To Dan Drew, the Mayor of Middletown:
photo by Jacob Seltzer ’17
It has now been a week since forty of my classmates organized the Wesleyan Black Lives Matter March. This weekend, we found out that you are asking Wesleyan to pay $7,492.81 to the City of Middletown. According to the Hartford Courant, this money is needed to pay forty-six additional officers, who were asked to work that day to protect the demonstrators.
I’m a little concerned, Mayor Drew. I’m afraid that no one ever told you exactly what these protests were about. Perhaps it’s because while you were at the protests, you stood alone, away from the crowd, among several Middletown Police Officers. Was it hard to hear 300 or more voices chanting “Black Life Matters?” from your spot? Were you having trouble making out the phrase “What do we want? Justice? When do we want it? Now!”
It’s that time of year again when Wes students complain about how old they are: Early Decision notifications have been sent to the class of 2019, and around 300-350ish kiddos are now officially coming to Wesleyan this fall. Also, just to throw in some math: Most members of this class were born in 1997 (some in 1996 and even 1998).
The College Confidential thread is ridiculously boring this year (step up your game, prefrosh), so instead, here’s some chatter from the latest cardinals via Twitter:
Kaite Ryan “Half grown up. Half baby.” but absolutely hilarious. This four year old girl has got all the sass, ridiculous faces, and a view of the world well beyond her years. I posted a best of video but I highly recommend her Vine page because the loops make it that much funnier.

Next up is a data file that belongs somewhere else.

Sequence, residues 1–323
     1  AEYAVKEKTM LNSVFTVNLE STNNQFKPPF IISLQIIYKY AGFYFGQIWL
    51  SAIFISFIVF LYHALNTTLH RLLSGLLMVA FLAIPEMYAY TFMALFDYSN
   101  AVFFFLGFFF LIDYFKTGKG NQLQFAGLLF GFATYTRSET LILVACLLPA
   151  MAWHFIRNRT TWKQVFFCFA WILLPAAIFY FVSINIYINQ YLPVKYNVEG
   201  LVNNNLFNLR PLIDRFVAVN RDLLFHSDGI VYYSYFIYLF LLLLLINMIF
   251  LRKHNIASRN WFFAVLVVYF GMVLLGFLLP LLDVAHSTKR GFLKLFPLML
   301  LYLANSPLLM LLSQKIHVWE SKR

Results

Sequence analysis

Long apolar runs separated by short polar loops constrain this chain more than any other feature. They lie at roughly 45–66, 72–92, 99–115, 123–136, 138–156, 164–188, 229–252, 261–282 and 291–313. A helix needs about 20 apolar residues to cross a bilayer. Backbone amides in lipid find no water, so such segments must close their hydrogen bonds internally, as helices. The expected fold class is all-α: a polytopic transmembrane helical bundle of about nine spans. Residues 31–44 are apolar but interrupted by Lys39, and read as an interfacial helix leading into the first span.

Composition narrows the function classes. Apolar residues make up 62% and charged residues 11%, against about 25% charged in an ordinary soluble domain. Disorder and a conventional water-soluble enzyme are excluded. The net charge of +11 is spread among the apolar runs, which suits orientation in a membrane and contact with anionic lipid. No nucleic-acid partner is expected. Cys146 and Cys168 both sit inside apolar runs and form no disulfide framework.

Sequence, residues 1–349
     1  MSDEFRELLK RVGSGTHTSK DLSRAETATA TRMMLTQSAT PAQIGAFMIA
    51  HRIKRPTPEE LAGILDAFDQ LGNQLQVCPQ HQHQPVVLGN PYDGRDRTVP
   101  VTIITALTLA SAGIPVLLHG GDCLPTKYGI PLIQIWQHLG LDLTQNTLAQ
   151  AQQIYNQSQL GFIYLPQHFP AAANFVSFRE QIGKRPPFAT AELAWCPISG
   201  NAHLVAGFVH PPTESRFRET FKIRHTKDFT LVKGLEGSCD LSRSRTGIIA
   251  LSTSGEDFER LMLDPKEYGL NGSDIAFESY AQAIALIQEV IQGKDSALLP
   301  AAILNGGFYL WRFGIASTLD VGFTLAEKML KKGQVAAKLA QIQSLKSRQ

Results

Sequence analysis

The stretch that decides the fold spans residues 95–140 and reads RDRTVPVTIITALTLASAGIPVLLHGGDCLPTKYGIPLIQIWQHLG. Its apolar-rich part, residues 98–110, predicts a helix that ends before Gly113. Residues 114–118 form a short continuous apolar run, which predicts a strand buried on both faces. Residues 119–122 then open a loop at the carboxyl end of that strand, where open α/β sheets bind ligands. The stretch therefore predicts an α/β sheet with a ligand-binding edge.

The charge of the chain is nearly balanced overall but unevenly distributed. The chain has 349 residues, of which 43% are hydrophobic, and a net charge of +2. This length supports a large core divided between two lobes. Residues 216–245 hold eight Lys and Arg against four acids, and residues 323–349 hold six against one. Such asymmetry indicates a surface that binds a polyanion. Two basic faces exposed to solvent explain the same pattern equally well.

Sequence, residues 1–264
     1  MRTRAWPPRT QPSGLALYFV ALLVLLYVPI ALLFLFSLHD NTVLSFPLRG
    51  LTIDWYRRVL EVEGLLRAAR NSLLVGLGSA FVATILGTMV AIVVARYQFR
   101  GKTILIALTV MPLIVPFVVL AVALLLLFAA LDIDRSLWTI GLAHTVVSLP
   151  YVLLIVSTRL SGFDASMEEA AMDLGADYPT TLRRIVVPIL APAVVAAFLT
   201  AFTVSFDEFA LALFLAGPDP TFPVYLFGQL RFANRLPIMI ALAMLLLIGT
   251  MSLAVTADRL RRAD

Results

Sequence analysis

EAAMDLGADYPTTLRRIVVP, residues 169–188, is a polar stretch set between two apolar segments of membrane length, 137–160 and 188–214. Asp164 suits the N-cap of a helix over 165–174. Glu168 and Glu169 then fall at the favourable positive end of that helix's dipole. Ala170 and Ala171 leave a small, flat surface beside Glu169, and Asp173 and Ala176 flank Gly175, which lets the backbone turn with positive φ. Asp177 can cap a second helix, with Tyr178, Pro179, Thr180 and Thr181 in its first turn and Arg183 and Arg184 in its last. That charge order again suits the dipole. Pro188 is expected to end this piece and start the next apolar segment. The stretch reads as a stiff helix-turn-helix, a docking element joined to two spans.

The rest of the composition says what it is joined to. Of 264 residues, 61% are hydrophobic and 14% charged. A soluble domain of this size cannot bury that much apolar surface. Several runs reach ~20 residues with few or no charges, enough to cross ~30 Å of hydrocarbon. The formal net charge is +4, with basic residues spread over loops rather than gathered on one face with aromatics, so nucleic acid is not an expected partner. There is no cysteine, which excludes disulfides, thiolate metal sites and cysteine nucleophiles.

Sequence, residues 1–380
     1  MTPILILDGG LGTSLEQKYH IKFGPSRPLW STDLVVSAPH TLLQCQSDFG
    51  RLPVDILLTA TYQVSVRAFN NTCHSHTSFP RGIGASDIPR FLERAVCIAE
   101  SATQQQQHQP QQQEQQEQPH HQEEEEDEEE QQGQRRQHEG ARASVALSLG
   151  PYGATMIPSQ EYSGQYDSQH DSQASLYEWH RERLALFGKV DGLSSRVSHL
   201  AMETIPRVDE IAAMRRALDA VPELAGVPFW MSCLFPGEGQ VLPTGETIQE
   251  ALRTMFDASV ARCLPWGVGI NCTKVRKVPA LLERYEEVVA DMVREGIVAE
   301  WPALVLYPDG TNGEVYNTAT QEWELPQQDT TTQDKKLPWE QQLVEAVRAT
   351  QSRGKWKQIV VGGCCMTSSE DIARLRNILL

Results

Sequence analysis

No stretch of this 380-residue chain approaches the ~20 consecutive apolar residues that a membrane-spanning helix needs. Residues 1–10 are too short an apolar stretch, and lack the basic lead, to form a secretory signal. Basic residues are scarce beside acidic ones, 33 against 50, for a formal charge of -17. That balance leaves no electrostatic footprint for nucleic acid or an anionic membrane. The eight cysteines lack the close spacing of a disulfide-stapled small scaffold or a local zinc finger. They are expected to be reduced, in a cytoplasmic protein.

If you need motivation Katie Ryan has got your back. Good luck with the rest of finals everyone and enjoy the break!
A sci-fi podcast created by Joseph Fink and Jeffrey Cranor, Welcome To Night Vale takes the form of a current-events radio show. Each episode centers around one specific event that’s happening throughout each 30-minute show, and your charismatic host is Cecil Palmer, the voice of Night Vale (played by Cecil Baldwin). Sounds good, right?
Fink has said that WTNV should be “hard to describe to your friends,” and oh, how it is. Essentially, WTNV is a show about weird shit that happens in a small town in the desert that is the American southwest. It’s, you know, just like every other town — pervaded by the corporate megalomania of a company called StrexCorp, monitored by a vague and nameless government agency, and full of people who think this is completely normal.
Like, totally! The Faceless Old Woman Who Secretly Lives In Your Home can definitely run for mayor against a literal five-headed dragon. Totally normal. Station management at Night Vale Radio is just a vague rumbling from behind a door. The weather is just a song. Following every subplot in WTNV is a conspiracy theorist’s dream come true. My guess is that if you’re into Twin Peaks, you’d probably be into this too.
Some forms of procrastination are at least somewhat productive, but this one is just straight up entertaining and useless. Behold: A list of five name generators that you can spend the next 23 minutes clicking through instead of studying for your chem final.
Update (12/9/14 12:13PM): The WSA Dining Committee has released the following statement based on developments over the weekend:
As many people on and off campus are aware, Wesleyan recently switched from stocking Sabra hummus to a local brand, Cedar’s. Though we made this change in the interest of sustainability and reducing our carbon footprint, it unfortunately has been misinterpreted in the media and elsewhere as a political statement in support of the Boycott, Divestment and Sanctions (BDS) movement against Israel. In order to clarify our continued political neutrality, and to give students a choice, we will be stocking both Sabra and Cedar’s hummus, starting in January.